Amid Tumblr and Facebook’s recent bids to ban all adult content, an anti-gay group of students at Notre Dame University have asked the school to ban all sexual content on its WiFi networks, and the idea might be catching on at other schools.
The Daily Beast reports that Notre Dame student Jim Martinson published an open letter signed by 80 male students in the Notre Dame Observer, asking for a campus-wide filter to block all adult content.
“Martinson’s open letter in claimed that [adult content] teaches men to objectify women, normalizes sexual assault, and exploits the men and women involved…. The letter was quickly followed by a response from more than 60 ‘women of Notre Dame,’ who argued that [adult content’s] prevalence on campus was “preventing men and women from encountering the full personhood of one another in friendships and relationships,” The Daily Beast reports.
These 60 women aren’t the first to make this claim. Second-wave feminists of the ‘60s and ‘70s have long claimed that skin mags and sex flicks dehumanize people. Even The Atlantic recently published a piece blaming a reduction in American sex lives on the increase of mobile technology, like WiFi, XXX websites and hookup apps.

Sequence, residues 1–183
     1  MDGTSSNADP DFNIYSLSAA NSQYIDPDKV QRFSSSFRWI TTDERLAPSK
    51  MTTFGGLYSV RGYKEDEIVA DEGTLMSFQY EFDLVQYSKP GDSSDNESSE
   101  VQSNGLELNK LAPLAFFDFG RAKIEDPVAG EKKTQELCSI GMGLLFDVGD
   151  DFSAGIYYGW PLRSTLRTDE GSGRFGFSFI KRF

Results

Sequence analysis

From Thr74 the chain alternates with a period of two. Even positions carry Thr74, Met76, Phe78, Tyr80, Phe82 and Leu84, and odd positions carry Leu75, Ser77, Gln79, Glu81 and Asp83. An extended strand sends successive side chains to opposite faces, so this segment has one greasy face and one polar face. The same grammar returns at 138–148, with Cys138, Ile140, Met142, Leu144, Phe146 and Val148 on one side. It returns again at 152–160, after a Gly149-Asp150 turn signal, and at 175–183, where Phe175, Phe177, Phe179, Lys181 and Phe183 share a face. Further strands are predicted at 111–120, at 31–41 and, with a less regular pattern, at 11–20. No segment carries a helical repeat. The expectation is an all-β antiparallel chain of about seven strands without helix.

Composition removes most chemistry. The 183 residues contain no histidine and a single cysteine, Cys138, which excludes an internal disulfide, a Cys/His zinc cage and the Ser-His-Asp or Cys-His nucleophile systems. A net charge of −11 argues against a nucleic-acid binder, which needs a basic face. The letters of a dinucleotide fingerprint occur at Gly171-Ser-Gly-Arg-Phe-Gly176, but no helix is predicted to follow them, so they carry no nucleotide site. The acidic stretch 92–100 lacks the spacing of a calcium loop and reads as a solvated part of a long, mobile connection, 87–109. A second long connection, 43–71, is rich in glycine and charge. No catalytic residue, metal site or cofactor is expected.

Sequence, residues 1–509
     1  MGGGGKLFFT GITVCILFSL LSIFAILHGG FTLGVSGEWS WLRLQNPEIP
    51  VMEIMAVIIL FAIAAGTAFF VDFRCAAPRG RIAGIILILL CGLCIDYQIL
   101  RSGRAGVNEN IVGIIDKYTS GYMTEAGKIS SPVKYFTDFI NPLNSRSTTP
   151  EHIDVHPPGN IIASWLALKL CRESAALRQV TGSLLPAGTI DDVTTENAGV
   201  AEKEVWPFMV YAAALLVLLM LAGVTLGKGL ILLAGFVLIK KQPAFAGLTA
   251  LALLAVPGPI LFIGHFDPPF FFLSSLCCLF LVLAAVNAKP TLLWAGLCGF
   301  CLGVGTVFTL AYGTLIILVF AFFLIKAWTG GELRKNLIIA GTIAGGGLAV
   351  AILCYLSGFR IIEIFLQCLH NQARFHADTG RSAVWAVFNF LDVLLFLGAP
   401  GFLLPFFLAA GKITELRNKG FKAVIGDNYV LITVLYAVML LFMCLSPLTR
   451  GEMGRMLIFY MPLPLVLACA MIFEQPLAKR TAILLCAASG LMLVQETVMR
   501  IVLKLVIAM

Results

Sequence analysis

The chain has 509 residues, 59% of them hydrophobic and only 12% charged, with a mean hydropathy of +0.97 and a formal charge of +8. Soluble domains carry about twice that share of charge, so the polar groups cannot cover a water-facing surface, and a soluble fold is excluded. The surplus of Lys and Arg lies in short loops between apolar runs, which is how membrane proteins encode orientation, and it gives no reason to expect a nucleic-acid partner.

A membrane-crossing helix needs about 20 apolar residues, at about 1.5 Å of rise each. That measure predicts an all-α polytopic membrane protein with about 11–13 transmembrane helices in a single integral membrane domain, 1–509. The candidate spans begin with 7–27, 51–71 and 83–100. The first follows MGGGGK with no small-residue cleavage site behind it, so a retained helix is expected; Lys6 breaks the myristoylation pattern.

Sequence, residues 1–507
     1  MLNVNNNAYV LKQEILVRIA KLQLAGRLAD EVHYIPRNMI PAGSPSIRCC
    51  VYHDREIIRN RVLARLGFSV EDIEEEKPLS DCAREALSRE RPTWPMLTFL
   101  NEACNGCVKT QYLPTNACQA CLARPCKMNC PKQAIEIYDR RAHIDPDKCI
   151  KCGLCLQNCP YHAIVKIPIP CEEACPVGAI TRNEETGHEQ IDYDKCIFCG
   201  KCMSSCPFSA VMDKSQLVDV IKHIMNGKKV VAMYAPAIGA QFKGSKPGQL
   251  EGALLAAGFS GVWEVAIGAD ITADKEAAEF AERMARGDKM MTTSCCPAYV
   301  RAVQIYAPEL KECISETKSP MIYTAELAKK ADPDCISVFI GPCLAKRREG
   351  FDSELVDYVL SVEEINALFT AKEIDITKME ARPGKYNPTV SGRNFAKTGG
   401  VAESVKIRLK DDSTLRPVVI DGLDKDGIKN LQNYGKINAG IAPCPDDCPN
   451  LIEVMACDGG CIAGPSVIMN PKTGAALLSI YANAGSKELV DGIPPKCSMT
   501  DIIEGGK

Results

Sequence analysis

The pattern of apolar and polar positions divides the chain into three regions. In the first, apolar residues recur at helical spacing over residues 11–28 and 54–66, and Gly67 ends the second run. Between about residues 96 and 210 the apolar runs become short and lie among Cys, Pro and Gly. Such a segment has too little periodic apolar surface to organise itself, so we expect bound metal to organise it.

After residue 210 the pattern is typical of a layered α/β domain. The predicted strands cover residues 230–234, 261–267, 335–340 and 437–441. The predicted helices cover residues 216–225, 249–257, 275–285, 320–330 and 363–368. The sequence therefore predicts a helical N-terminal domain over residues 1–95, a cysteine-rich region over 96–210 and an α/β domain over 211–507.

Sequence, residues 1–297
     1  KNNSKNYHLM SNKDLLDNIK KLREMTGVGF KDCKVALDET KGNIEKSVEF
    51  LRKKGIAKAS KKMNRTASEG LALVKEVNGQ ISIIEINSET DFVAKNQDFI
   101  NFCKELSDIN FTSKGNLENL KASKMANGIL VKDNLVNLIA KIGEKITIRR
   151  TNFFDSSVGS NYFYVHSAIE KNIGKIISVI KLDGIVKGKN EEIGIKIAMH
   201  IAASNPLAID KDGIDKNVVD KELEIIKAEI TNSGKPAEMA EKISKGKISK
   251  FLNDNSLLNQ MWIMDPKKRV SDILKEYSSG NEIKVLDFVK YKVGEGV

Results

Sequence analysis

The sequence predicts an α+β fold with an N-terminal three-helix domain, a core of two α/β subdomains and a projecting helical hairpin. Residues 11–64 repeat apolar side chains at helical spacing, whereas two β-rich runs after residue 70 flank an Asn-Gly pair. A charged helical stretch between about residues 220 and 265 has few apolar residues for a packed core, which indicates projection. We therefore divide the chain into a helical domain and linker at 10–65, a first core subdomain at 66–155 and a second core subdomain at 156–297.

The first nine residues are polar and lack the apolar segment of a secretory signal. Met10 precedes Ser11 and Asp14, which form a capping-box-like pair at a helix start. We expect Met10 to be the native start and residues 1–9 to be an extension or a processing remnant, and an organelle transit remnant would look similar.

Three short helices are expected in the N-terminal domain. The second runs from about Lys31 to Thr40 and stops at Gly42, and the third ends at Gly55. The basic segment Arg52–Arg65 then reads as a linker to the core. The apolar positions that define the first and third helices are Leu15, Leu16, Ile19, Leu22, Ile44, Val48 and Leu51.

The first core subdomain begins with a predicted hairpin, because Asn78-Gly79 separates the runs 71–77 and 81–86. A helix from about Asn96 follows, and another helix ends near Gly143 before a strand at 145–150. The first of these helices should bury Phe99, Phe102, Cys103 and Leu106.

But Martinson’s idea seems to be spreading. The Daily Beast reports students from Georgetown University, Harvard, Princeton and the University of Pennsylvania have expressed interest in similar bans.
Unsurprisingly, these bans are predominantly supported by religious students. Martinson is part of a student group that is anti-abortion and anti-gay marriage, and so are the Georgetown University and Harvard students who support his ban.
These bans probably won’t happen though. They’re a free speech lawsuit just waiting to happen, and there aren’t any studies really linking adult content to bad interpersonal relationships. (Misogynist sexual content is more likely a symptom of misogynist culture, rather than its cause.)
But don’t let that fool you. Republicans in state legislatures have still tried formally declaring XXX content as a “public health emergency” and the bipartisan bill against sex trafficking (FOSTA/SESTA) is part of what’s behind Facebook and Tumblr’s recent purge of adult content, as the law takes effect in January.